This topic has been on my mind for a while and was only dislodged around the most recent criticisms of HBO’s Game of Thrones, which consequently makes this a good time to finally tap out these thoughts into the undying wilds of the internet.

[Note: Where I fall on that side of the GoT issue isn’t really part of this post, not to mention that people more articulate and important than me have already hit the salient points with aplomb. For those reasons, I’m not going to discuss that here for the most part, unless I happen to do so in the comments. As a warning, sensitive topics will be mentioned and trolls will be dismissed.]

No, what I want to talk about is a certain bit of “wisdom” that pops up whenever someone criticizes the fictional. Things like:

“Why are you complaining? It’s just fiction!”; “smdh, these people don’t exist, they’re characters, so none of this matters, get a life.”; “1st world problems, lololololol.”; and so on, to infinity, you get the point.


This is where such remarks fail to hold weight and further the conversation. See, those glib dismissals? That it’s “just fiction” and we shouldn’t be getting our collective stomachs in knots over the distress of the unreal? Well, that’d make at least a bit of sense if the topic was about a completely fictional trope — for example, dragons, castles in the sky, or alien invasions.

But some things in fiction are real. Horribly, terribly, painfully real.

A multitude of violences and miseries thrive in the actual world where you and I live today. They exist now, in this century, today. They maim and destroy lives today.


When critics and fans discuss the mishandling of real-world topics, they aren’t dissecting esoteric literary theory on how every character in the work is secretly a metaphor for the malaise of modern Western society. They are talking about things that people have experienced, do experience, will experience.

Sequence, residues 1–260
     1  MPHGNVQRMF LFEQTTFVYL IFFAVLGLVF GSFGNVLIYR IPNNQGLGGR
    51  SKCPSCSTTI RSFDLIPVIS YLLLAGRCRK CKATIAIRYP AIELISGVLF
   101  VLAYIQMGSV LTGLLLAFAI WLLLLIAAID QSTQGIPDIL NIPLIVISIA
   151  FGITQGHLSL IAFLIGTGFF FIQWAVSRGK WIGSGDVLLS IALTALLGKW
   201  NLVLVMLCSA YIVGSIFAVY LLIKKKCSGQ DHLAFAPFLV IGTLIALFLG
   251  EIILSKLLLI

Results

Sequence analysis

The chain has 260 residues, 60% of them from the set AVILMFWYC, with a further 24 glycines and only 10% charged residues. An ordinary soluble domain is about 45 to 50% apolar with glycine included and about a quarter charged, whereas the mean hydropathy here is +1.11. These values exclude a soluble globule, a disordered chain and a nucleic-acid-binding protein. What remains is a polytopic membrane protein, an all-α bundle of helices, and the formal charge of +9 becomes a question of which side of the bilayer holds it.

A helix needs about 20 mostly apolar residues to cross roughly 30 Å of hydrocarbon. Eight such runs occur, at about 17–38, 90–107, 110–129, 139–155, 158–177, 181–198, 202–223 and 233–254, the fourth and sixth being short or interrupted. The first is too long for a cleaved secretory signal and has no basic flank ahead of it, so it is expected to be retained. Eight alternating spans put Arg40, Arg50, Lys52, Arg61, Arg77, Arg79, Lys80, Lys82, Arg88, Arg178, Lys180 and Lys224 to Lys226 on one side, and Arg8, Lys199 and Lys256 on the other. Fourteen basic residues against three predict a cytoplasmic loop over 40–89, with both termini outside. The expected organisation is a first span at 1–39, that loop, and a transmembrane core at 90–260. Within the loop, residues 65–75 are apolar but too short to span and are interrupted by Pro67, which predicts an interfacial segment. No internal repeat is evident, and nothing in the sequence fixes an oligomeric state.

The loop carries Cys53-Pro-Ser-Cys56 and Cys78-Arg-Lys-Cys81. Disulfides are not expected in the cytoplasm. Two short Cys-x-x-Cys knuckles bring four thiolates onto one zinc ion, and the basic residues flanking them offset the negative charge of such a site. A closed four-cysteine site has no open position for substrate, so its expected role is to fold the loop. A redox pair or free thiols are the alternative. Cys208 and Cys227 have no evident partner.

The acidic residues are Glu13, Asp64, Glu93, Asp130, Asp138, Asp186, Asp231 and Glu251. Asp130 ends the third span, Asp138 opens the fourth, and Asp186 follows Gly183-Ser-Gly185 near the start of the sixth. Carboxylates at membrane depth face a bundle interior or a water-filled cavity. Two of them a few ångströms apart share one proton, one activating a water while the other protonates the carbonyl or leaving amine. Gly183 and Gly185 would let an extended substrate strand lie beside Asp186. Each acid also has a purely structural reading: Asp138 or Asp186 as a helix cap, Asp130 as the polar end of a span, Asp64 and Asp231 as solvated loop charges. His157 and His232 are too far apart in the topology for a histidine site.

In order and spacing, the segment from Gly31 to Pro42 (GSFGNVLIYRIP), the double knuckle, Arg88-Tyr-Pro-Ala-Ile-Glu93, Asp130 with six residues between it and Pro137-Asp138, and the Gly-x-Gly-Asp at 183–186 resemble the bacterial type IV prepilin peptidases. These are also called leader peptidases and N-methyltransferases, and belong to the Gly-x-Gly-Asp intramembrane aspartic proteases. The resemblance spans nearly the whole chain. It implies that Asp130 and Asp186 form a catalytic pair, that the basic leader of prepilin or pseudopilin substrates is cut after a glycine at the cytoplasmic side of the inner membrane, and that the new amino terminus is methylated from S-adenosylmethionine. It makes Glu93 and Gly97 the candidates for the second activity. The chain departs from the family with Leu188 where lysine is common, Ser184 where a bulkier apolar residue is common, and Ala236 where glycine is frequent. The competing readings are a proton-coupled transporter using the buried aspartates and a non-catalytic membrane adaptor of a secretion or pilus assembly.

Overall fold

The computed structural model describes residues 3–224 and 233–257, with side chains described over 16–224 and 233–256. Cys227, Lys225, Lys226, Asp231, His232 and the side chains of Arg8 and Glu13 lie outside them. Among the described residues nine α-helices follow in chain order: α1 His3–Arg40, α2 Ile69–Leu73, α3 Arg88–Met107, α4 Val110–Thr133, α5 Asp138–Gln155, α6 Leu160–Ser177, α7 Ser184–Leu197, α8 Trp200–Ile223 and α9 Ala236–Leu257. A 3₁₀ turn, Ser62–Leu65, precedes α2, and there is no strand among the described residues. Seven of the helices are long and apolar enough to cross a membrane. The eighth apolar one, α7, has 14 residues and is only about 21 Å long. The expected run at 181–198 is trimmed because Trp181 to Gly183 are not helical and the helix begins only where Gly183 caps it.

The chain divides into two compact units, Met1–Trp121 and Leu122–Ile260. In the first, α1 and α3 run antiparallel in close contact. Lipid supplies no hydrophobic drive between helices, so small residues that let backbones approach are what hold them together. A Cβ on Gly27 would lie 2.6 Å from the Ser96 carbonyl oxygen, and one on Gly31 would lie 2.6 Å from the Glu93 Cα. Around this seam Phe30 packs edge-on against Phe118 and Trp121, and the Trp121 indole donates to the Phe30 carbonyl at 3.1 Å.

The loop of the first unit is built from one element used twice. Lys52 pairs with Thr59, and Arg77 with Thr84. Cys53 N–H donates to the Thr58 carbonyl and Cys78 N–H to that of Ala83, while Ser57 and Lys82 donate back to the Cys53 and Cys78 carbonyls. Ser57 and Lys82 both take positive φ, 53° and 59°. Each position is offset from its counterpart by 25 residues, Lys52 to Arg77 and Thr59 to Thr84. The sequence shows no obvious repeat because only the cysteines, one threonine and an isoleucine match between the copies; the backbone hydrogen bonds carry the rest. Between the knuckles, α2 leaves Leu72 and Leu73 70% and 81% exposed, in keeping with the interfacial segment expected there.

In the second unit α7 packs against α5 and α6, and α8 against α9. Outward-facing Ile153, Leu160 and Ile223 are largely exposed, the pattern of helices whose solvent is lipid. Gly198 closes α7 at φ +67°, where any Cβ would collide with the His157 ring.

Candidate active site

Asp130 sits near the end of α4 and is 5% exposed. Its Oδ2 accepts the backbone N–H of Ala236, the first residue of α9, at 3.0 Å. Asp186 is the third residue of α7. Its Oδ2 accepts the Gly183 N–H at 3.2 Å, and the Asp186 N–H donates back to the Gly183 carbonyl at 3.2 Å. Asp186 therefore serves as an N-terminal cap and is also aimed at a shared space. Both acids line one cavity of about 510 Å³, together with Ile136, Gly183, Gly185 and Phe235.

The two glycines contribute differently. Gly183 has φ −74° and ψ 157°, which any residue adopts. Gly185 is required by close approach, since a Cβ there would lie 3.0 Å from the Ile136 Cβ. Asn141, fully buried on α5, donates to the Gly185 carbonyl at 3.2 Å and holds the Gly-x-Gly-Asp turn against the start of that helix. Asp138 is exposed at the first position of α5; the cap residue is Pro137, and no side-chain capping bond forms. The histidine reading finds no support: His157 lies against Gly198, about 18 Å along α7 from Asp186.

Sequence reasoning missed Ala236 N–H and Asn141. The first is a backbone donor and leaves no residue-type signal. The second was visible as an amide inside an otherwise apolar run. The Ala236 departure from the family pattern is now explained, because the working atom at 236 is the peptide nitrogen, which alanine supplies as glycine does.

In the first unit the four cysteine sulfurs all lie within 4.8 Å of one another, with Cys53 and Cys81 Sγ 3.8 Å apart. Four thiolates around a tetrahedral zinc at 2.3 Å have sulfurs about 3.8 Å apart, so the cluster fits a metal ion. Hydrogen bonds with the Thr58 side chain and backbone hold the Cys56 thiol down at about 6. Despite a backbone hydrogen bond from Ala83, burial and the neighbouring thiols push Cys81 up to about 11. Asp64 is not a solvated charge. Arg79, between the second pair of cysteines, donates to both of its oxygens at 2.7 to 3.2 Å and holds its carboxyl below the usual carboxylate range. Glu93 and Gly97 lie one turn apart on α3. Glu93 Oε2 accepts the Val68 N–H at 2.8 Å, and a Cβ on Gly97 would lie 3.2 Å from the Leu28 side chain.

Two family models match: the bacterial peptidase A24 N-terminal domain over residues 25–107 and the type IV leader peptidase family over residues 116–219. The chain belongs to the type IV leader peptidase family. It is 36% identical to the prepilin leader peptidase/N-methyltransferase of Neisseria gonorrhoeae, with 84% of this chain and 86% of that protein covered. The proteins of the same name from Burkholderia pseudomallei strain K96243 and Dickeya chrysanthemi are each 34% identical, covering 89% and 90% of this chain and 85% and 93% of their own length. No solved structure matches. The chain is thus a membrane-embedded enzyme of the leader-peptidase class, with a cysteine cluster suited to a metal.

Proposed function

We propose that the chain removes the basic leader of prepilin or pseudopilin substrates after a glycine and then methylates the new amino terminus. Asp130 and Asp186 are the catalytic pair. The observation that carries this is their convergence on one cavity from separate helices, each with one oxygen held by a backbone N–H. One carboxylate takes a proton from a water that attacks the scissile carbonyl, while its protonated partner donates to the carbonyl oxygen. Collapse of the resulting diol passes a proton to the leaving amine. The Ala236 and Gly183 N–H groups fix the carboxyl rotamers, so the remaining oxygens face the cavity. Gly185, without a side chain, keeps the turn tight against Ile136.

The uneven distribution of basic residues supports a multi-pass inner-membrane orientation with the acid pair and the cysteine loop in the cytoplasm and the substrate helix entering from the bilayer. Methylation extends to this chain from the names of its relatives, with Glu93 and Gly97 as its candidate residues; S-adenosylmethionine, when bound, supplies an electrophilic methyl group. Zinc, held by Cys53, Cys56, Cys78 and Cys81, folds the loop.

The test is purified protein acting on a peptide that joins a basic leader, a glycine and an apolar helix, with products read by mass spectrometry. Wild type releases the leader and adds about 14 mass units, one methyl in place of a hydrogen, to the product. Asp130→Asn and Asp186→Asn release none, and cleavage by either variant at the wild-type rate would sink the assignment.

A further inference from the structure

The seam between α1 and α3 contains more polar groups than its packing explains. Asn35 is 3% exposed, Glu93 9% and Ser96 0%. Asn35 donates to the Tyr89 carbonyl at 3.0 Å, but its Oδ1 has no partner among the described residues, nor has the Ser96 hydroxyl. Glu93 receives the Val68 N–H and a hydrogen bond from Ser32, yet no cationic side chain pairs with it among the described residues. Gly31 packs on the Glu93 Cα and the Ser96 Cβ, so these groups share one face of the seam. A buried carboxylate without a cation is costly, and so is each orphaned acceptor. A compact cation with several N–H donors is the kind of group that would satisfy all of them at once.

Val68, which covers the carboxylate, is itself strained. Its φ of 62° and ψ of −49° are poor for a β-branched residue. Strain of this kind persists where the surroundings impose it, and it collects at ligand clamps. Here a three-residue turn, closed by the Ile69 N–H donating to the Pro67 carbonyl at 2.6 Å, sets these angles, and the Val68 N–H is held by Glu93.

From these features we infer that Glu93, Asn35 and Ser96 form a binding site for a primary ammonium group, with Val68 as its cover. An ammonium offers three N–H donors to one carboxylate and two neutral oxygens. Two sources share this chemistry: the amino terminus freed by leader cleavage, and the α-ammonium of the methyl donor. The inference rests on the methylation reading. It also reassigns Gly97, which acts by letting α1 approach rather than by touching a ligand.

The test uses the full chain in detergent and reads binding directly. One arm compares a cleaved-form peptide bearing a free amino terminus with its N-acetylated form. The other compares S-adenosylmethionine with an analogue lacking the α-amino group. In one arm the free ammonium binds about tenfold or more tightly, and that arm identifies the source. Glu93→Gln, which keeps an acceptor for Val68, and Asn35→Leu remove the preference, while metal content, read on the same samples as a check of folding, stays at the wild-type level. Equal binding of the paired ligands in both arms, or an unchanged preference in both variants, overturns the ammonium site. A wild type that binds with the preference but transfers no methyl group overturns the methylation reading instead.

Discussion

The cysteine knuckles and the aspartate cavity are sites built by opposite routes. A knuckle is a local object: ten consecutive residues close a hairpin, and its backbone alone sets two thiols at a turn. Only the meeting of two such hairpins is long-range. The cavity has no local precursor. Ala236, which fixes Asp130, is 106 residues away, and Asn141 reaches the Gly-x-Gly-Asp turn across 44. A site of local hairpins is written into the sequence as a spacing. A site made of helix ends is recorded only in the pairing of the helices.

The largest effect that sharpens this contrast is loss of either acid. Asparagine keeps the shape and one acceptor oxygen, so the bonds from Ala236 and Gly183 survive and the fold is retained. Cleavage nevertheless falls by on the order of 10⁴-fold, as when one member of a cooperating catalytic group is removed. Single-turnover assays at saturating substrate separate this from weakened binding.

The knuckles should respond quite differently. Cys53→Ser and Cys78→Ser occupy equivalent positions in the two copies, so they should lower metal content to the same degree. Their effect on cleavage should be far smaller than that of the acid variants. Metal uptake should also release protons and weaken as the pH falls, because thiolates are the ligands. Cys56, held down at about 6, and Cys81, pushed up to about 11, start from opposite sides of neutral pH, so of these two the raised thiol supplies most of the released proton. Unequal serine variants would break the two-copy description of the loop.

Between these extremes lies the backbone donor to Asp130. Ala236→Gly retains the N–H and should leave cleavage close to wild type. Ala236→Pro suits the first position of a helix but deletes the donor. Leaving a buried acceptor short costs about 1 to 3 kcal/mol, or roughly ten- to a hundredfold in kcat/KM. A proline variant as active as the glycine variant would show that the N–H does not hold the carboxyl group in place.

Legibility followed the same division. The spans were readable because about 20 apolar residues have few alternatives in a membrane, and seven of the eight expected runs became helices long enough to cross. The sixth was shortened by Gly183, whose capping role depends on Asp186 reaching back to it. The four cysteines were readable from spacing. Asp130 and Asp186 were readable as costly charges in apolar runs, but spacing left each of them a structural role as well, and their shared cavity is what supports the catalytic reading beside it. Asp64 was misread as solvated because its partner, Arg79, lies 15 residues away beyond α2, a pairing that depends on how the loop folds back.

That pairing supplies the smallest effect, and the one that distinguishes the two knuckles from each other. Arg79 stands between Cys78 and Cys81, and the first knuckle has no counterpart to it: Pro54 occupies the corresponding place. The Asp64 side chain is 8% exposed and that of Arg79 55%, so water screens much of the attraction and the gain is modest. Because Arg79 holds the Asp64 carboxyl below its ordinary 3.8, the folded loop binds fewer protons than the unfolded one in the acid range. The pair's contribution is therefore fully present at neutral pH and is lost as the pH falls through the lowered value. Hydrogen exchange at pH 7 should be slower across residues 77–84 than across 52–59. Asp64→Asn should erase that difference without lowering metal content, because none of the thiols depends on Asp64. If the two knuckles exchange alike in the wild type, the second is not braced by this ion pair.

So it follows that when the creators of fiction are depicting something that happens in actual existence they will inevitably meet with criticism.


That is precisely what should happen. Outrage over painful subjects isn’t the same as nitpicking* pedants attempting to determine an accurate layout of the Enterprise’s deck plans from season to season or mega “fans” complaining about actresses having the wrong hair color for a role.


Writing about something real shouldn’t be a check mark on the “is this edgy enough?” meter; it should drive the plot and the characters forward. It should matter. It shouldn’t stand there with “but it’s historically accurate!”** as a flimsy shield. Using the monumental as shock value holds no meaning if the people using it do not simultaneously deploy the counterbalance of respect and understanding. Victims and survivors of every type are not a plot point. They are fans, they are creators, they are real, and they will see what you are making.

To anyone involved in fiction-smithing: Remember the above, remember your research, and remember to give a damn about the living, breathing, feeling counterparts of your fictional ones.

We aren’t dragons, after all.


*Make no mistake; nitpicking is something I love to do since I’m a details person, but that’s not this post.


**This is something I’ve seen bandied about a lot but I’m ambivalent about these claims. Although this post at LiveScience has a good overview, seeing medievalists weigh in on the topic in, say, a book, is a dream of mine.

Top image courtesy of me and my sick skillz combined with too much free time after work.